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We spout opinion, comment on the current zeitgeist and overanalyze pop culture and mainstream movies. Whether in the form of lists, survey questions or straight editorials, we hope to make thinking deeply about film a fun and stimulating activity for all.

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Tom Bosley in "Paper Clips"

  • By Christopher Campbell
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  • October 19, 2010 10:32 AM
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  • 3 Comments
We lost Tom Bosley to lung cancer today, and though he'll certainly be best remembered as the dad on "Happy Days" and might also be thought of for his ability to endorse garbage bags, it's becoming my tradition here to spotlight documentaries featuring the recently deceased (previously with Sally Menke and Tony Curtis). This is admittedly only partly to memorialize the departed film or TV personality by looking at something more candid, genuine or telling of the individual as him or herself. It's also partly to recognize the particular documentary (or documentaries). I hope that's not thought disrespectful.
More: Obituary

Tony Curtis in 'The Celluloid Closet' and Talking About Cary Grant

  • By Christopher Campbell
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  • September 30, 2010 3:31 AM
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  • 0 Comments
Tony Curtis was a great actor. But he's one of those guys I remember as well for his off screen personality as for his on screen performances. And given that I said goodbye to Sally Menke this week by spotlighting an appearance in a documentary, I'm going to do the same for the man better known for playing iconic roles in "Some Like it Hot," "Spartacus," "Sweet Smell of Success" and, of course, "The Great Race." He's also one of the most memorable figures in "The Celluloid Closet," a 1995 documentary about the history of homosexuality in Hollwyood and its cinema. Talking about the first two films I mentioned, he comes off fairly tolerant of their gay undertones, which is why I find it interesting that he was part of the whole anti-"Brokeback Mountain" contingent of the Academy a few years back. But I don't want to go into that business.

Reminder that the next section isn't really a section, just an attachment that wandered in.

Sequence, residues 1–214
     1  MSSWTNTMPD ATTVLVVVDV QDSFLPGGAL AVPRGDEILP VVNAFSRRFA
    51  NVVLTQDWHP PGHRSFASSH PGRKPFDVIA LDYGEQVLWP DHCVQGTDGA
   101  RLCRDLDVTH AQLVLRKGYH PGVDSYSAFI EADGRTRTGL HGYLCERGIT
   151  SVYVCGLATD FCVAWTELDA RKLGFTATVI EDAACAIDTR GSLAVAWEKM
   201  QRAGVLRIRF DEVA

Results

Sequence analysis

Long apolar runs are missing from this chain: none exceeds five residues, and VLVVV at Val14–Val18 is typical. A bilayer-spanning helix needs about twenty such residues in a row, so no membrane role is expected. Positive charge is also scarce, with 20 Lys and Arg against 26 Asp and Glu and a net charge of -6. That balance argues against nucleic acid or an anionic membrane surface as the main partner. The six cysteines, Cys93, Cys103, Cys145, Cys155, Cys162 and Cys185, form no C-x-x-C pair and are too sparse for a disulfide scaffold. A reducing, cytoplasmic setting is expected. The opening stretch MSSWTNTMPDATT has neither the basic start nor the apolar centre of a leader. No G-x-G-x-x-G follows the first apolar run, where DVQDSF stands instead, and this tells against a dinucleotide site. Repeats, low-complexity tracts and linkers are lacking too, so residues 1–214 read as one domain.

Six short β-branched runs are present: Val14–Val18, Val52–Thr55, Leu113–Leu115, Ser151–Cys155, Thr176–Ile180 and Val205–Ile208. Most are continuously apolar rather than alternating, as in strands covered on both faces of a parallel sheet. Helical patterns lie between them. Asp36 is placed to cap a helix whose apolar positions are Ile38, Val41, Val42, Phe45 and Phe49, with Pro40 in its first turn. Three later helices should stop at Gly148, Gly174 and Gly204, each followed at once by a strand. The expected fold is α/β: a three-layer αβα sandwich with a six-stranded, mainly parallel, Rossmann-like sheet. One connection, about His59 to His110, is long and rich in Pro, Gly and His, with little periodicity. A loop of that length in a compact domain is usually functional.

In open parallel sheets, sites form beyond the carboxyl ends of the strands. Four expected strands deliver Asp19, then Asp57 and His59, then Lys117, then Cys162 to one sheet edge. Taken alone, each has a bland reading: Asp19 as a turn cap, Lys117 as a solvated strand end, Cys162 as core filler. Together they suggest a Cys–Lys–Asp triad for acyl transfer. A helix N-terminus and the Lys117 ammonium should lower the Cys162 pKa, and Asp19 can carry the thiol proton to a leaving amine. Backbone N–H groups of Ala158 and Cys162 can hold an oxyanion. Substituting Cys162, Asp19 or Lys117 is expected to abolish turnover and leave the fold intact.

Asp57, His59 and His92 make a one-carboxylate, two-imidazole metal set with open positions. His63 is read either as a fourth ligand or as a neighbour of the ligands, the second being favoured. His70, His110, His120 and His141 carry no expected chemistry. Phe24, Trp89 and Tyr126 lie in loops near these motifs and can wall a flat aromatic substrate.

More: Obituary

Sally Menke and Quentin Tarantino. A Short Tribute to an Editor-Filmmaker Relationship

  • By Christopher Campbell
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  • September 28, 2010 6:33 AM
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  • 2 Comments
I can't believe anyone went hiking in L.A. in that record-high temperature yesterday, but Oscar-nominated editor Sally Menke did. And sadly, she was later found dead in Griffith Park, where she had been walking with a friend and the friend's dog. The heat is obviously being said to be a possible factor, but her true cause of death is unknown.
More: Obituary

Remembering "Beetlejuice" Actor Glenn Shadix (1952-2010)

  • By Christopher Campbell
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  • September 8, 2010 2:08 AM
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  • 2 Comments
I'll be perfectly honest. I never knew Glenn Shadix by name until he died. To me, he was simply 'Otho.' I think he was probably that for a lot of people, as the role of the snooty, flamboyant and trendy interior designer and occult hobbyist in Tim Burton's "Beetlejuice" is surely his most significant. Some may have viewed him as just another character actor relegated to the common moniker 'that guy!,' recognizing his face in "Demolition Man" or "Dunston Checks In." Perhaps some identified his voice underneath his orangutan suit in Burton's remake of "Planet of the Apes," or providing the Mayor's lines in "The Nightmare Before Christmas." Outside of "Beetlejuice" I always loved him best in "Heathers" as 'Father Ripper,' the priest who officiates the many funerals and recommends the teens of Sherwood, Ohio, get to know the "righteous dude" Jesus Christ.
More: Obituary

Remembering Character Actor James Gammon (1940-2010)

  • By Christopher Campbell
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  • July 19, 2010 6:02 AM
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  • 3 Comments
While I was recalling "Major League" over the weekend, thinking back to when Tom Berenger looked better than he does in "Inception," another actor from the baseball comedy was being mourned in California. James Gammon, who played the part of Coach Lou Brown in two "Major League" films, died Friday of cancer in Costa Mesa. The stage and screen vet was easily identifiable to film fans by his distinctly scruffy looks and low, scratchy voice. It's hard to imagine him being suited for any other job than character actor.
More: Obituary

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